The Buffalo Bills under head coach Sean McDermott have shuffled quite a few punters in and out of Orchard Park. The team has employed three punters over the course of McDermott’s three years with the Bills, though to be fair, most of that turnover turmoil happened in a lost 2018 season.
Buffalo has a punting competition brewing this summer, with the incumbent taking on a player whose name is pronounced the same as his (though spelled differently) for the second consecutive season. Will the team stick with the status quo, or will they go with a new face?
In today’s edition of “91 players in 91 days,” we profile one of Buffalo’s two punters on the 2020 roster.
Name: Corey Bojorquez
Height/Weight: 6’, 208 lbs
Age: 23 (24 on 9/13/2020)
Experience/Draft: 3; signed with the New England Patriots as a UDFA following the 2018 NFL Draft
College: New Mexico
Acquired: Claimed off waivers on 9/2/18
Financial situation (per Spotrac): Bojorquez enters the final year of his three-year rookie contract initially signed with New England. That deal is worth a total of $1.71 million, none of which is guaranteed. In 2020, Bojorquez carries a cap hit of $750,000.
2019 Recap: Bojorquez stayed healthy for all 17 of Buffalo’s games, including the playoffs, last season. Among all qualified punters, Bojorquez was second-to-last in total average (41.9 yards per punt) and in net average (37.7 yards per punt). Bojorquez booted more touchbacks (7) than any punter in the league other than Sam Martin, who also kicked seven. He landed 34 of his 79 punts inside the 20-yard line, which was the third-most in the league, and 26 of his punts were fair caught, which was second-best in the league. He had one punt blocked, but that was more the result of a poor blocking scheme (and lack of an audible into a better one by the personal punt protector, Kurt Coleman) in Buffalo’s Week 4 loss to New England.
Positional outlook: Bojorquez is joined by Kaare Vedvik, whose name is also pronounced “Corey.” After fending off Cory Carter last year, Bojorquez will have to vanquish another of his name in order to maintain his roster spot.
2020 Offseason: Nothing new to report.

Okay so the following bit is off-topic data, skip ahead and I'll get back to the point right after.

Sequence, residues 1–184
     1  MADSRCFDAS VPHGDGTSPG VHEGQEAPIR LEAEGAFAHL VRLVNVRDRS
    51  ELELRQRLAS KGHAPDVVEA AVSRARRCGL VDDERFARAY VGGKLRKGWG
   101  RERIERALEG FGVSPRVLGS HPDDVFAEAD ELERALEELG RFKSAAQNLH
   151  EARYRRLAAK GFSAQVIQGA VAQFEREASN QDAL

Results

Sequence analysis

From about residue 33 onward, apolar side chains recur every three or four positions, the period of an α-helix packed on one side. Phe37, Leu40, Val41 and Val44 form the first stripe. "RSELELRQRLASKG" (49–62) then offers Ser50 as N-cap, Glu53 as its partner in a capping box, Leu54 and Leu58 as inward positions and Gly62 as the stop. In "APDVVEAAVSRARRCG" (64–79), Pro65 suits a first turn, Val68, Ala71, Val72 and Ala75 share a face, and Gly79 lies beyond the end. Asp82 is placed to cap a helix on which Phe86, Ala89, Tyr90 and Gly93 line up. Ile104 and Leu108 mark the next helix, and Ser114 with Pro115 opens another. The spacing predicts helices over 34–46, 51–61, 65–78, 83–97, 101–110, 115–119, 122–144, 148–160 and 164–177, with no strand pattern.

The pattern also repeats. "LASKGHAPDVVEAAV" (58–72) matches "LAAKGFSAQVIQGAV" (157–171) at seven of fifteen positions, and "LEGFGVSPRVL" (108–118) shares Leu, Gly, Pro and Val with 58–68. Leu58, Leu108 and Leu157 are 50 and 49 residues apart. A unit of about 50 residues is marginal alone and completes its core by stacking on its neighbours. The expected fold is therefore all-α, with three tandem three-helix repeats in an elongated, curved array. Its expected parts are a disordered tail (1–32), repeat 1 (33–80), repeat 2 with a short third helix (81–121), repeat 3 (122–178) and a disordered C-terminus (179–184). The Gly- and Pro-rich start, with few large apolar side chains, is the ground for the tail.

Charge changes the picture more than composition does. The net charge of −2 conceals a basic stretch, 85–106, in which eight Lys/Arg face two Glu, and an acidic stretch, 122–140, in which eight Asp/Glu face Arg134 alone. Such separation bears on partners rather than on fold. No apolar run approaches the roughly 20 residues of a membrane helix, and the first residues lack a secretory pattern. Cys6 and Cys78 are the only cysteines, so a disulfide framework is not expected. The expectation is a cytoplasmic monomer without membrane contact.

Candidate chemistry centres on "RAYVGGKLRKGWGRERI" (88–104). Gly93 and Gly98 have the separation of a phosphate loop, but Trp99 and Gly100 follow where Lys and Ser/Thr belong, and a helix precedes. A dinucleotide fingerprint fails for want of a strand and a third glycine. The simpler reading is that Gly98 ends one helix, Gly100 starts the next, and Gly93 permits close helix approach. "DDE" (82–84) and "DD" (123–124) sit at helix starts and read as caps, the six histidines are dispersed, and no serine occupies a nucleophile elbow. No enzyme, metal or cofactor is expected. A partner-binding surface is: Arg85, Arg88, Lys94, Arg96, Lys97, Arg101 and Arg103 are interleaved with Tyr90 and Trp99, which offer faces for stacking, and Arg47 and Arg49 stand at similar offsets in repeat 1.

2020 Season outlook: Bojorquez is among the weaker links on Buffalo’s roster, which is great when considering that we’ve gone from having an entire skill position group on offense that was among the league’s worst to a roster where we can complain about the punter not being elite. With that said, at least one game (Buffalo’s loss to the Baltimore Ravens) and perhaps one more (the loss to the Cleveland Browns) arguably lay at the feet of Bojorquez. Against Cleveland, kicker Stephen Hauschka seemed unhappy with the way Bojorquez was holding on field goals. Then, he shanked two key punts against the Ravens—a 35-yard punt from his own 10-yard line led to a field goal in the first quarter, and a 29-yard punt from his own 22-yard line to start the fourth quarter gave Baltimore great field position on their game-clinching touchdown drive. While that seems a little nit-picky in a game where he also hit a 67-yard punt and a 52-yard punt, it’s that kind of inconsistency that makes Bojorquez a liability. The best quality a kicker or punter can have, in my opinion, is consistency. If you can’t rely on that player to come out and do his job well every time, then he needs to be replaced. Sure, perfection is impossible, but look at that Baltimore box score and tell me what the difference between the two squads was. Bojorquez and Sam Koch both punted seven times. Bojorquez’s punts traveled 300 yards and Koch’s traveled 309. Bojorquez hit two shanks, two inside the 20, and one touchback. Koch hit two inside the 20, had one touchback, and aside from a 33-yard punt that pinned Buffalo at their own 12, hit every punt at least 39 yards. Take those two Bojorquez shanks out and we may have been celebrating a Buffalo win rather than taking a “moral victory” in playing the league’s hottest team tough. Bojorquez is no lock to make the roster in 2020.